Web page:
He describes the end goal his building company has in mind when developing properties and how they figure out the trends the market wants… 

Our development projects, to be honest, are rather boring sometimes as we tend to follow a bit of a recipe. So the biggest two trends in Melbourne at the moment that we’re trying to address are increasing density. So you know gone are the days were not the minimal requirement for our suburban house was to be of 750 square meters of land or a thousand meters of land, a big house, four bedrooms, two bathrooms, a double car garage… Those properties they still exist in the other rings but in the inner and centre rings, they’re just not affordable anymore. So there is a push to increase density in those areas. You know, put two townhouses where they used to be one, or put three townhouses where they used to be one. So we look at a lot of those problems. There’s a big trend that we’re following, sometimes in parallel with this first one which is the ageing population. So a lot of people who have been living in these houses in some of those suburbs [have been living there for] 20, 30, 40 or 50 years. They’re at a point where you know the children have grown up and they’ve gone on on their own way and now they’re stuck with a house that might be too big for what they want or that’s too hard to maintain. You know they don’t want to mow the lawn, they don’t want to live on maintenance that a traditional suburban house needs. But at the same time they don’t want to move. They’re in a place where they’re used to the locality, their friends live around them, they’re used to where the shops are and they know where entertainment areas are. So what do we tend to do is we tend to establish projects that will allow those downsizers to take the opportunity to continue living in the communities they’re living in and take advantage of their lifestyle that you know that the place offers them, while at the same time having a low maintenance kind of new feeling property that will take them from there for many years.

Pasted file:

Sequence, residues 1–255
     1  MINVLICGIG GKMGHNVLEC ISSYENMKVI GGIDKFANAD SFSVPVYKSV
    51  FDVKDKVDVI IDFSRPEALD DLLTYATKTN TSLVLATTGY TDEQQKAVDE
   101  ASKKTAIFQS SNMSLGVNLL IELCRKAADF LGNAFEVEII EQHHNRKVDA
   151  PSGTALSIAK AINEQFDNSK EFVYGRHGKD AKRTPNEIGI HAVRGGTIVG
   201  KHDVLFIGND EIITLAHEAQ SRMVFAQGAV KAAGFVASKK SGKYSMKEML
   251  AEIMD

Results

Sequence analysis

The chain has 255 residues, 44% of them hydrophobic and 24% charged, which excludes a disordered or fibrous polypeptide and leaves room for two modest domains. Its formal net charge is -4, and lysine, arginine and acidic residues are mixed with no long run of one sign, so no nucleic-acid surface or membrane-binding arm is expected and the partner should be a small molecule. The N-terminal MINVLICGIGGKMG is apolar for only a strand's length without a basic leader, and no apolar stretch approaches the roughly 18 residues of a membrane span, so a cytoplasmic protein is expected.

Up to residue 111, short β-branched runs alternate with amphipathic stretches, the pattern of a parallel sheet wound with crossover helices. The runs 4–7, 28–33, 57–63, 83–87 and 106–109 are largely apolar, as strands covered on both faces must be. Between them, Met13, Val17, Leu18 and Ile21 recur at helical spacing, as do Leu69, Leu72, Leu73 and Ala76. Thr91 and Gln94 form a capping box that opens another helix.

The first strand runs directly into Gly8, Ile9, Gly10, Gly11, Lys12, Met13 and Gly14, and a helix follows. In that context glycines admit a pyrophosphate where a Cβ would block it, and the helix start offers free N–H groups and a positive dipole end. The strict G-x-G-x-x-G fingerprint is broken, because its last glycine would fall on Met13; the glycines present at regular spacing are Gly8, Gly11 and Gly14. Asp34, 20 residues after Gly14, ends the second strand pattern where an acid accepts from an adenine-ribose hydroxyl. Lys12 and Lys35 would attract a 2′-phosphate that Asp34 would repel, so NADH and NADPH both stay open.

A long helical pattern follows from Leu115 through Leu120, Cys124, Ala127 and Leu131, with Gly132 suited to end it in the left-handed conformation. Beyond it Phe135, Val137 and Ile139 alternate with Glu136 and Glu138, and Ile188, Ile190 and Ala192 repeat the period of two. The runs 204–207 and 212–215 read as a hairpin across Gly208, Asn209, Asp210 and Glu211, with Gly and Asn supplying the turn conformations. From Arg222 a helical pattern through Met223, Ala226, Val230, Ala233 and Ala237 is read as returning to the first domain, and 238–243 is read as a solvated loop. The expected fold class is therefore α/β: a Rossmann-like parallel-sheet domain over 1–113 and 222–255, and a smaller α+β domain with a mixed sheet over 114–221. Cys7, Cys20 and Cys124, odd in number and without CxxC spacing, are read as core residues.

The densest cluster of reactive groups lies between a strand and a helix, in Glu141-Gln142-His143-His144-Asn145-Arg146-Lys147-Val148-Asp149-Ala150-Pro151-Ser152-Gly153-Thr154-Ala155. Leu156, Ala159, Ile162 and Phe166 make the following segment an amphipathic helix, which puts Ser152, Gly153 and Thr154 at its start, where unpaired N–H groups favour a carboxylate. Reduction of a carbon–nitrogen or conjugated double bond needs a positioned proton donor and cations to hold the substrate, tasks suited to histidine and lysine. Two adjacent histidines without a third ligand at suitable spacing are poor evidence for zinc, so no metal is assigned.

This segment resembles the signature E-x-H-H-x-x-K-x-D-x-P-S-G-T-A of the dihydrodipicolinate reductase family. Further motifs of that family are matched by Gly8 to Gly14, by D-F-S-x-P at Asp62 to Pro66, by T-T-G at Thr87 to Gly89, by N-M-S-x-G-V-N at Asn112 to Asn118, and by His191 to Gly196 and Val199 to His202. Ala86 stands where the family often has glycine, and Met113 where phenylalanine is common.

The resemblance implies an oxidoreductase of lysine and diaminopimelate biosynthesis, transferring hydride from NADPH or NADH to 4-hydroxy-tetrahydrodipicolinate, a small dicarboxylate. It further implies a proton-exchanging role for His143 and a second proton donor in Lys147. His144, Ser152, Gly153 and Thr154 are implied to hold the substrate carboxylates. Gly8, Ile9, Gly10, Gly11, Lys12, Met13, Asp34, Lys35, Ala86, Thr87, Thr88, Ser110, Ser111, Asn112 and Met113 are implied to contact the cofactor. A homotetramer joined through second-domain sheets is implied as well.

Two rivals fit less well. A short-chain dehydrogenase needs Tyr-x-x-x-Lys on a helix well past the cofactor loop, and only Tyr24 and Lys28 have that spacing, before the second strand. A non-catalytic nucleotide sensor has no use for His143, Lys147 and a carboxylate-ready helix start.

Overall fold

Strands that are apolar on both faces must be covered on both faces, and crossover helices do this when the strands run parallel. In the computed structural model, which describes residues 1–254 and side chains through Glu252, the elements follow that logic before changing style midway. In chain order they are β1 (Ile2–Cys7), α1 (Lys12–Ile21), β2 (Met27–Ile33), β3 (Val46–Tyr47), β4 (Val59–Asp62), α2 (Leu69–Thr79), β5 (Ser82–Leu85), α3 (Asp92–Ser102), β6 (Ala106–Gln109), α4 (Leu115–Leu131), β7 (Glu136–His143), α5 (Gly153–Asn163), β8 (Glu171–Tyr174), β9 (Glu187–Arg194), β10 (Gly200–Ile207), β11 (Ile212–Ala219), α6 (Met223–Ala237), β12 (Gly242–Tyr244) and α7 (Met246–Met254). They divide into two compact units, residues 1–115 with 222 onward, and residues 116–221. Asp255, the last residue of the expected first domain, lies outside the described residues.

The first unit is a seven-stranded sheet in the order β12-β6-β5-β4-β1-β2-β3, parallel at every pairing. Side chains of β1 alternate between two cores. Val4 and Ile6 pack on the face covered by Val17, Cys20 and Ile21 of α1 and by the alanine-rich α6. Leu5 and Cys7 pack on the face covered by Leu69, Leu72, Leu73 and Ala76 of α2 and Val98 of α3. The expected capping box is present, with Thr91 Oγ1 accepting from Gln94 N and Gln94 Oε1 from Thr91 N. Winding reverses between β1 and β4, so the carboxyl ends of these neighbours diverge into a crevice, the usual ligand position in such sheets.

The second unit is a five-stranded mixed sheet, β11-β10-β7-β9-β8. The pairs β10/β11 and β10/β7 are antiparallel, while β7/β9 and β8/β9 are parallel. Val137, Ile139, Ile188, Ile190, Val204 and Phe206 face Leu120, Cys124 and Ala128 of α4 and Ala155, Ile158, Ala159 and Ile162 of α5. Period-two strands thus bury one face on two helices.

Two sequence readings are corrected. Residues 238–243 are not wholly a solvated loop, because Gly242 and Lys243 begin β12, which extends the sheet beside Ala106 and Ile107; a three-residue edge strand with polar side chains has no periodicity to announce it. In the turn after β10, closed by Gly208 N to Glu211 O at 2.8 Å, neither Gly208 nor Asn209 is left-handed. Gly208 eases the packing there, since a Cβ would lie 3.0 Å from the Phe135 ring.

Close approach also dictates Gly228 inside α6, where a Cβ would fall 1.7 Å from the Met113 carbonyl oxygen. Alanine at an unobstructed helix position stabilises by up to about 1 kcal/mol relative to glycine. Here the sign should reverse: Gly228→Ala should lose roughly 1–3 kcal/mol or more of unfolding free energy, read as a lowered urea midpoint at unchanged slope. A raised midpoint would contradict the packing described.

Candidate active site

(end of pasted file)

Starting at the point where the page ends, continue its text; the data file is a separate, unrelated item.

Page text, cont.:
He also talks about the unique process he goes through in order to find the ideal development site… 

We start with the end in mind, so we start by asking ourselves, how much will these units or townhouses sell for? And that tends to set the frame for the entirety of the rest of the process, that’s effectively the bucket of money that we have to spend on a project. Now some of that will go to the landowners, to be honest, the land is usually the last component. Some of that will go to the construction and the construction costs tend to be – we kind of optimize it a little bit – but they tend to be largely fixed. So what we tend to do is we tend to conduct a full feasibility study where we take into account you know their end sales price of the property minus the sales expenses so you know commissions for the real estate agents, GST, taxes and those sorts of things. Then all of the remaining bucket, we subtract or we’ll take into account what we call the development costs. That includes both the construction cost but also the other costs that are related to obtaining planning permits or D.A’s, to getting design engineering and working drawings out of that process. That tells us how much will this property cost to develop and the residual of that is how much money we can pay the maximum we can pay for a block of land but without any profit. So we tend to take that amount of money, subtract out of that what we consider to be a fair profit for the project and then we go shopping with the rest of the money. We know how much money we can afford to pay for a site. So we go to the market directly looking for sites with the characteristics needed for that project where there’s no meterage or the frontage or the right zoning. But also with a very, very clear idea of how much we can pay for a block of land. If it fits that criteria then we buy very, very quickly, we tend to take two or three days to make an offer. If it doesn’t fit that criteria we immediately put it to one side and move on to the next.